Matt Kemp smiles in the dugout before the Dodgers’ exhibition baseball game against the Angels at Dodger Stadium last weekend. (AP Photo/Danny Moloshok)
MLB: DODGERS HOME OPENING SERIES
vs. SAN FRANCISCO At Dodger Stadium, Friday (1:10 p.m., SportsNet L.A.), Saturday (1:10 p.m., Fox Sports 1), Sunday (5 p.m., ESPN2): In the Dodgers’ hot-off-the-press 2014 media guide, the listing for Matt Kemp goes eight pages deep. He’s 22 home runs shy of matching Willie Davis for second on the Dodgers’ all-time franchise list for center fielders, behind Duke Snider. Could that happen this season? Kemp is also 34 games short of 1,000 in his career. Again, that could happen this year, right? His history of appearances on the disabled list is actually somewhat short – for 2013, for example, it lists just May 30-June 25 (mild right hamstring strain), July 6-21 (left AC joint inflammation) and July 22-Sept. 16 (left ankle sprain). That’s because not included there is the Sept. 29 decision to shut him down for a left-ankle injury – eliminating him right before the playoffs. That required surgery on Oct. 21, which was two weeks after he underwent a “left shoulder cleanup on his A-C joint.”
Kemp’s 2014 spring training was a constant slow-moving process as well, with another return to the 15-day DL, making him unavailable for the two-game opener in Australia. Unless there’s any giant setback, the 29-year-old will finally get to start his eighth big-league season when the Dodgers play their home opener against the Giants. Rihanna or not, Khloe or no other Kardashian, he says he’s ready. “Rehab sucks,” Kemp declared before last Friday’s exhibition game against the Angels. “I’m not missing anything now. I’m ready to go.” A rehab assignment could happen also, pushing his return sometime beyond this early April target date. “I want him to be totally confident when he goes out on the field that he can be Matt Kemp,” says manager Don Mattingly. Confidence doesn’t seem to be what Kemp lacks – it’s stability as well as ability. According to the Dodgers’ DL, Josh Beckett is also eligible to come off on Friday. With Clayton Kershaw out of action until at least the first full week of April, Beckett could be back to fill this spot. This series is also important because some predict that the Giants will provide the main obstacles in the Dodgers’ pursuit of repeating as the NL West champs. The other implication of this matchup: Will most all of Southern California have the team’s new SportsNet L.A. channel by this time? If not, there could be more heck to pay.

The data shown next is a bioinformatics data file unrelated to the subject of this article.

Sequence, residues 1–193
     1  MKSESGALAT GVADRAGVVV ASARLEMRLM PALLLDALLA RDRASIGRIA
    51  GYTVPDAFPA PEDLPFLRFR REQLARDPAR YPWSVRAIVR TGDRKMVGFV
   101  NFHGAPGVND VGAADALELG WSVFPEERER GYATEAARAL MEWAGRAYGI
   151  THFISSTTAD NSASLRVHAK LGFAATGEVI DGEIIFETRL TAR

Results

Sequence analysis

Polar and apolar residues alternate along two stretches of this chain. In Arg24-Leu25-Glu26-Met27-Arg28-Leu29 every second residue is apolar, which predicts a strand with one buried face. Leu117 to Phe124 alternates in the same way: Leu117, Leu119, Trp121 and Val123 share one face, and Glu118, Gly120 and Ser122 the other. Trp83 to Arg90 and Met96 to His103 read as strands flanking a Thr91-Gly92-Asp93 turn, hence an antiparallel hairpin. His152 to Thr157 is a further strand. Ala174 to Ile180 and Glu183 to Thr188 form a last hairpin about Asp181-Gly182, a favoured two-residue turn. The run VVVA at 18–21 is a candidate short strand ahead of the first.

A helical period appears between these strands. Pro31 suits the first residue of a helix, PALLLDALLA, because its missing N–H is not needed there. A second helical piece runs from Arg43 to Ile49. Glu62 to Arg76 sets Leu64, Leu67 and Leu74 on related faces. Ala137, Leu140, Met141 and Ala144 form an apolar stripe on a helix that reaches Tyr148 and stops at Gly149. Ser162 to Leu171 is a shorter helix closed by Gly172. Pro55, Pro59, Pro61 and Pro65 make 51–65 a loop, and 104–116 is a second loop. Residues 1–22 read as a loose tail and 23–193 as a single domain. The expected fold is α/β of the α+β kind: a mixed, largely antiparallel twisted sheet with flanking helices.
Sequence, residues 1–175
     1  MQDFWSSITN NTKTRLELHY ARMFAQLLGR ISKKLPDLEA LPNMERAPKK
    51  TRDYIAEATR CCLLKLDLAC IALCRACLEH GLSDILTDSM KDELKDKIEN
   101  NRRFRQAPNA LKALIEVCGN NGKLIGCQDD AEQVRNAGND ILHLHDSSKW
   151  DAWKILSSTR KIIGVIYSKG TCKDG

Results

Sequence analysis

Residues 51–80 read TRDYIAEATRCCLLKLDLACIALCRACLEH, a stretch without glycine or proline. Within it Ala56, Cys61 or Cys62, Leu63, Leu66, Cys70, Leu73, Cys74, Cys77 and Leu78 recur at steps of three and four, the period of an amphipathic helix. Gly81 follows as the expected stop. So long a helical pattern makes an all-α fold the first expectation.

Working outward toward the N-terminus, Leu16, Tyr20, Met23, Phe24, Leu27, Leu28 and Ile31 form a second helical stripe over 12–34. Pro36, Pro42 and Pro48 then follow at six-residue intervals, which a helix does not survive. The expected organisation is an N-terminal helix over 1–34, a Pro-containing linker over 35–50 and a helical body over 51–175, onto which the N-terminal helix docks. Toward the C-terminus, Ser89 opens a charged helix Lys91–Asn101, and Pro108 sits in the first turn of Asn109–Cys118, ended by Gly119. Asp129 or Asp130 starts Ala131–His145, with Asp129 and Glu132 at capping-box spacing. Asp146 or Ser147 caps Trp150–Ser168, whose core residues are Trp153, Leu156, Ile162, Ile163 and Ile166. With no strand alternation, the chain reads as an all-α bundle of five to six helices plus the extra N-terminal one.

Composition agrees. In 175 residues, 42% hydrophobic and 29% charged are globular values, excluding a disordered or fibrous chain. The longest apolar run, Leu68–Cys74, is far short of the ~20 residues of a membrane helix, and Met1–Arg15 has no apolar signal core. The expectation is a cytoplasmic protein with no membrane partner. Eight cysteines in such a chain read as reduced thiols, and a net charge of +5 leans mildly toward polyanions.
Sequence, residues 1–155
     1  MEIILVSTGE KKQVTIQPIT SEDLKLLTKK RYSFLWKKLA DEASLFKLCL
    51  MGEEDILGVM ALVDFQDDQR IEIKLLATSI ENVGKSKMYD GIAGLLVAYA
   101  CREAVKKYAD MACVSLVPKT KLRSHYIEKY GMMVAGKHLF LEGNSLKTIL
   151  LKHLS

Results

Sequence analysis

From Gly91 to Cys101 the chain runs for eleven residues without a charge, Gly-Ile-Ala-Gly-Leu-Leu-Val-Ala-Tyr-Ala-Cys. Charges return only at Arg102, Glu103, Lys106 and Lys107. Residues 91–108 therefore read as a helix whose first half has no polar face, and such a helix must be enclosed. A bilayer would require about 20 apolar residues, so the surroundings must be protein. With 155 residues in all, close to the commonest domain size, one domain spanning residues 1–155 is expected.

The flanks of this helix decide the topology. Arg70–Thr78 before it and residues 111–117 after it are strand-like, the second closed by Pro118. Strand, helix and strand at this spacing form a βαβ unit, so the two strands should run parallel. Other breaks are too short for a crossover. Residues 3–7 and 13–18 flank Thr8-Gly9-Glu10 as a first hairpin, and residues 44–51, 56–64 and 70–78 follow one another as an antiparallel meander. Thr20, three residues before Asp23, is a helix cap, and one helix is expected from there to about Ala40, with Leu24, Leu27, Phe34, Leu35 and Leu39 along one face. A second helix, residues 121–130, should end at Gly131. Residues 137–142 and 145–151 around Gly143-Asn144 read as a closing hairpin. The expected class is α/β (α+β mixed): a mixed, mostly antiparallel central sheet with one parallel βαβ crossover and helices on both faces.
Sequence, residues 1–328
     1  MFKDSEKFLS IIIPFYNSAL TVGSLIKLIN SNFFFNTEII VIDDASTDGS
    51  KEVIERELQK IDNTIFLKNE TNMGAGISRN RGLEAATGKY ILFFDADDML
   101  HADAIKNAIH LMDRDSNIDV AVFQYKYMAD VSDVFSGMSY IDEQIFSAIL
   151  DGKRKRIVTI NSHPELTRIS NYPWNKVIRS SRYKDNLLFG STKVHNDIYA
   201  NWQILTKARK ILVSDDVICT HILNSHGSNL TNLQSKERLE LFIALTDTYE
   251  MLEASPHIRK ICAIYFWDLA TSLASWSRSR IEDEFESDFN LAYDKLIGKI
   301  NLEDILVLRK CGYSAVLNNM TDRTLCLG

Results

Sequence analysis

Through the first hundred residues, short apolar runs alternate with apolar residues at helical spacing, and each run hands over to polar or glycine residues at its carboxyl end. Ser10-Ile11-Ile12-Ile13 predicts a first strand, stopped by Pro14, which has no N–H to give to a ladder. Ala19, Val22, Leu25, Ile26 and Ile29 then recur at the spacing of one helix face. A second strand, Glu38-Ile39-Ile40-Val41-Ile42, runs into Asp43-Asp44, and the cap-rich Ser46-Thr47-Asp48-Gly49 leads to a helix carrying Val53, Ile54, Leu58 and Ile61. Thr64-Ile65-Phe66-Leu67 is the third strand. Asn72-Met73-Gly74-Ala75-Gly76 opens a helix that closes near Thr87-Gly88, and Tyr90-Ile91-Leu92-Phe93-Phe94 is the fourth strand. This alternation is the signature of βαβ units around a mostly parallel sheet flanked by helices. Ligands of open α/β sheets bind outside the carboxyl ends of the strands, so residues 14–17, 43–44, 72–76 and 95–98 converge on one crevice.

It’s five years running now, this exercise in horsehide overload to review 30 newly released baseball books that come out each spring in time for the start of the new season.